I was about twenty when I realized that my life-long tendency to seek out ministry involvement was more than simple happenstance. I began to grasp that “ministry drift,” my tendency to spontaneously flow into ministry situations, might be a sign pointing to God’s calling for my life. I then opened my heart to the possibilities God might have for me in ministry, which led me to my vocation as a minister in the church.

As natural as full-time ministry has felt to me, it wasn’t until I was thirty that I discovered an even greater passion: fatherhood! Perhaps it’s because I am a born nurturer. Perhaps it’s because God graced us with three terrific daughters. Perhaps it’s because I naturally enjoy long-term relationships. Whatever the reason, becoming a dad agreed with me from day one.

It’s not that I’ve always been comfortable being a dad. I remember loading Jenna into our car sixteen hours after she was born and thinking, “What on earth have we gotten ourselves into!” I remember when Jenna had colic and I questioned my sanity for ever wanting children. And there have been plenty of moments since when I’ve questioned (as I’m sure my daughters have) whether I really knew what I was doing as a dad.

I have not been the perfect dad. On more than one occasion, I’ve had to apologize for losing my temper, for hurting tender feelings, or for being late for pick-up. There were too many evenings in which a lack of energy dampened my fatherly enthusiasm for playing a game, reading a book, or studying for a test. And despite preaching sermons to the contrary, I have sometimes longed for my girls to get past various difficult stages.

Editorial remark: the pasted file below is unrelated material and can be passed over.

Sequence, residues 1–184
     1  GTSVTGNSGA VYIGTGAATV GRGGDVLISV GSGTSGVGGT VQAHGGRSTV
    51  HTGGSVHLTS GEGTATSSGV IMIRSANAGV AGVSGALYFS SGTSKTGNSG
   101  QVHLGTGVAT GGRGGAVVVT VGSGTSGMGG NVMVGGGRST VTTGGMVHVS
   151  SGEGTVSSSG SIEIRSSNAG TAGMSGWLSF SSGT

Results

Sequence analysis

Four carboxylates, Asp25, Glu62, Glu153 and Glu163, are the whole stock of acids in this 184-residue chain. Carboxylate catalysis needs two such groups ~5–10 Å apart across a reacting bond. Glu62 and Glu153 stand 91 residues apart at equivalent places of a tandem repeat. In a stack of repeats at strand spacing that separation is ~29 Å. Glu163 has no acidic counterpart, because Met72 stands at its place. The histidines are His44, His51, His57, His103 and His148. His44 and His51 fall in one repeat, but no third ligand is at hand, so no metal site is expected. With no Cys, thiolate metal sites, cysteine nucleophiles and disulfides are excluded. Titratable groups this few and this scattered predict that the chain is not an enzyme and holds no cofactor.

Yet despite my fatherly shortcomings, I love being a dad! In my early days of being a dad, I loved waking my girls in the mornings and tucking them in at bedtime. I loved  coaching their teams, serving as their photographer at concerts and sporting events, cheering them on in their successes, and comforting them in their heartaches. I have loved our dinnertime conversations, Yosemite camping trips, and Christmas treasure-hunts. As they have moved into adulthood, I have enjoyed reflecting together on deeper faith questions, helping them negotiate adult challenges, and continuing to share the ups and downs of life. I have especially appreciated getting to know their guys  and helping them (when invited to do so!) prepare for married life as couples. And starting this July 10, I look forward to welcoming sons-in-law into our family, while trying not to think too much about the possibility of becoming a grandpa!

With that said, I wish all our dads a happy Father’s Day! Whatever your favorite job in life may be, may your life as a dad reflect our heavenly Father’s grace and strength to your kids.

Andy Wall
Author: Andy Wall